Sea Changes: Ocean Acidification Is Worse Than It’s Been for 300 Million Years
By Bryan Walsh | @bryanrwalsh | March 2, 2012 | 160
White coral skeleton, Cocos Island, Pacific Ocean. Such coral bleaching events are one consequence of ocean acidification
Human beings doing unprecedented things to the Earth, which is sort of impressive when you realize that the planet has existed for more than 4.5 billion years. But that’s what happens when 7 billion people produce and consume more and more stuff, emitting enormous amounts of gases like carbon dioxide and generally making of muck of things for everyone else.
Take the oceans. Researchers already know that the seas are becoming more acidic, thanks largely to the increase in the atmospheric concentration of carbon. (Much of the carbon in the air is absorbed by the oceans—think of the fizz in a soda can—which over time makes them more acidic.) Over the last hundred years, the ocean pH—which measures the relative acidity of a liquid—has fallen by 0.1 unit to 8.1 That may not sound like much, but according to a new study published in Science, it’s all but unprecedented. Ocean acidification is now almost certainly occurring faster than it has for at least 300 million years—and as the rate of manmade carbon emissions increases in the future, acidification will likely only accelerate. That will have dire effects on corals and other ocean life that will struggle to adapt to a marine environment that will be changing—by geological standards at least—at breakneck pace.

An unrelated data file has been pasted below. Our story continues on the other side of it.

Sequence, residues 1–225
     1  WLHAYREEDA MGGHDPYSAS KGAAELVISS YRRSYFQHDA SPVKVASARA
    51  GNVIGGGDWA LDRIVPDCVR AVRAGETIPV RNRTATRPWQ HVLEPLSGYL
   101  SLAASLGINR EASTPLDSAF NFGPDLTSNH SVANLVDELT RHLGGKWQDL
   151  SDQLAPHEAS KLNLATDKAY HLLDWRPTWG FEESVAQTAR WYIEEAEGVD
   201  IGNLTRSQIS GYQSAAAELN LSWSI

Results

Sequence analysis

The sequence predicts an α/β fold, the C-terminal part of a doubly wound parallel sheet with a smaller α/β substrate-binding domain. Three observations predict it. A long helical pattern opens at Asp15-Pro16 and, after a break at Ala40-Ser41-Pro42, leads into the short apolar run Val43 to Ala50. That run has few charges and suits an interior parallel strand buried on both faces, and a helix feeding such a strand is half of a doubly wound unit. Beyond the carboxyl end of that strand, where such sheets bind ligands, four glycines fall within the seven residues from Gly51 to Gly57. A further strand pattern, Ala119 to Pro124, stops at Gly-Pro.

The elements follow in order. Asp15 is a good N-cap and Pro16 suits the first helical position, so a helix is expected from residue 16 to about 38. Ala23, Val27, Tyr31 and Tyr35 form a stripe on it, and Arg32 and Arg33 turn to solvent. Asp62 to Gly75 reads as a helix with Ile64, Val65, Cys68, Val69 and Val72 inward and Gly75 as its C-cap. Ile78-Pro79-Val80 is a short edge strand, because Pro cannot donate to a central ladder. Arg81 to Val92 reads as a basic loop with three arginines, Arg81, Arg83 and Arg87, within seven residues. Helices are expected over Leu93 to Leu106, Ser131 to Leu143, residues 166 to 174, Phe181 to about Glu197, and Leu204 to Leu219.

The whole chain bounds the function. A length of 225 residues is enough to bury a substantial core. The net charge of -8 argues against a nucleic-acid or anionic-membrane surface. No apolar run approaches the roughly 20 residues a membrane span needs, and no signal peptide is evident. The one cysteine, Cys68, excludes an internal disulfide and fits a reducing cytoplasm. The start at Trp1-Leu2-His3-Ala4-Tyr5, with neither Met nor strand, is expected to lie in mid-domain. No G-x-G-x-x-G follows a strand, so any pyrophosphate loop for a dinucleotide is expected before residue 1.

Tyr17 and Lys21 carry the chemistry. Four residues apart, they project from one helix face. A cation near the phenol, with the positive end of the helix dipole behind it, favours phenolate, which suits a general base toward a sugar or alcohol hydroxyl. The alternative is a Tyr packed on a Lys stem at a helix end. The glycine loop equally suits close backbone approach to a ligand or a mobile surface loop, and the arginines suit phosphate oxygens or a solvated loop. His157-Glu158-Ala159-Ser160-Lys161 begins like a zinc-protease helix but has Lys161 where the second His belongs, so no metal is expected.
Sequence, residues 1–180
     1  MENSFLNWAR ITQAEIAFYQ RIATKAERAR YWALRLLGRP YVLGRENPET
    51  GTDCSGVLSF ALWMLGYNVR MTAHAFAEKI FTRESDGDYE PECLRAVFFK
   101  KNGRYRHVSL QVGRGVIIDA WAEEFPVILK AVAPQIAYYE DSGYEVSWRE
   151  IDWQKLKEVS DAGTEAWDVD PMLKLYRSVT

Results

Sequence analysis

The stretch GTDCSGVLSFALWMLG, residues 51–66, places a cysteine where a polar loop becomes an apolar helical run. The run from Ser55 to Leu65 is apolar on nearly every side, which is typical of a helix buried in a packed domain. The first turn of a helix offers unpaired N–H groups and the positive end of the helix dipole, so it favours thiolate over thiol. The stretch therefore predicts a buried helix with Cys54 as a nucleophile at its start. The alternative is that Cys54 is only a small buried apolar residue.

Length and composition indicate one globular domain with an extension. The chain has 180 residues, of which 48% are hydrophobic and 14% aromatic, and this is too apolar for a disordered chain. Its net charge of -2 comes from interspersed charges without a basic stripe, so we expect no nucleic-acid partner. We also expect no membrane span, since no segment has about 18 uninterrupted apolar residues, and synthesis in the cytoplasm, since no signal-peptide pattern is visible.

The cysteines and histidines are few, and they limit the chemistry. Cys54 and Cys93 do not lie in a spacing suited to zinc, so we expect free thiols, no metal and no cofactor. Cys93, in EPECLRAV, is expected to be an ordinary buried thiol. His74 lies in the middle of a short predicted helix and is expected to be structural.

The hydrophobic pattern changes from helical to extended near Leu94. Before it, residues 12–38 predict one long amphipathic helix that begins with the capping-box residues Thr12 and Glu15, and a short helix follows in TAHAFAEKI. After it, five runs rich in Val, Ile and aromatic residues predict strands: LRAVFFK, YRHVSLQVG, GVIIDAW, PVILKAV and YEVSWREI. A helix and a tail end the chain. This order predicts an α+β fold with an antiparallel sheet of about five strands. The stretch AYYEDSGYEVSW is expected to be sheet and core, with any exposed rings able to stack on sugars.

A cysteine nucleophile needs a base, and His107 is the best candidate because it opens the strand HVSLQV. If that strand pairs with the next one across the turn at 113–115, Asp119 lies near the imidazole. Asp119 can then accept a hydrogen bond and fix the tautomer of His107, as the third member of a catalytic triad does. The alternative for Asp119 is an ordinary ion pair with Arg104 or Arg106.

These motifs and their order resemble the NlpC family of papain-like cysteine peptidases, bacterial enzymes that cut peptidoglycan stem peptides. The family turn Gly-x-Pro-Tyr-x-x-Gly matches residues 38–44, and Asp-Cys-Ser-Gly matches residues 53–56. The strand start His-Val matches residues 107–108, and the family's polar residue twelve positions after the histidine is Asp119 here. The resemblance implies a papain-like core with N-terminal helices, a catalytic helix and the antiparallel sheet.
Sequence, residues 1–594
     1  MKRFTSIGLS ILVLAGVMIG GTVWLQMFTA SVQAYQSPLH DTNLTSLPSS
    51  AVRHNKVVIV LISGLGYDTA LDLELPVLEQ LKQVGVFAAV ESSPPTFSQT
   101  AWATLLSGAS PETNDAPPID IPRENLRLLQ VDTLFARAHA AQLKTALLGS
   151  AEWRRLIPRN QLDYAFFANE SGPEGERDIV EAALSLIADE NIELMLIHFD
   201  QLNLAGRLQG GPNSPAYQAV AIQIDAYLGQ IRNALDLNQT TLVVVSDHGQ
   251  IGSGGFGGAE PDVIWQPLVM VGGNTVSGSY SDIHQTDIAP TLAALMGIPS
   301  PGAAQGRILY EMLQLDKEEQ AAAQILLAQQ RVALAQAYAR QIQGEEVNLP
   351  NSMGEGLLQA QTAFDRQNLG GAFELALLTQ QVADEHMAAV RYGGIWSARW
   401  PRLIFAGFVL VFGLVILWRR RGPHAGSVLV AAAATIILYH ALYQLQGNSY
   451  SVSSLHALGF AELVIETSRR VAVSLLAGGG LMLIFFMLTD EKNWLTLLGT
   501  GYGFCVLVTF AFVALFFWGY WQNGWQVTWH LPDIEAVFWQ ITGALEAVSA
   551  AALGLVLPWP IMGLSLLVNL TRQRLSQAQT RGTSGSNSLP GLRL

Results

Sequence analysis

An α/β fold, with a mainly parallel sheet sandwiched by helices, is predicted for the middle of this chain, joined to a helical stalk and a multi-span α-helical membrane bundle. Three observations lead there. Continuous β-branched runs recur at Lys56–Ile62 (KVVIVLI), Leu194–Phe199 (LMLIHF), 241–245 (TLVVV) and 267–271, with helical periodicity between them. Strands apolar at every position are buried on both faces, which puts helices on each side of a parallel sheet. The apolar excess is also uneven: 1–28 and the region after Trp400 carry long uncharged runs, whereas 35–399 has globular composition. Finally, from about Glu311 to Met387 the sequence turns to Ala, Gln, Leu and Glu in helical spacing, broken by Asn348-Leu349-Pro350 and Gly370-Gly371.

Read more: http://ecocentric.blogs.time.com/2012/03/02/sea-changes-ocean-acidification-is-worse-than-its-been-for-300-million-years/#ixzz1q5QZYREl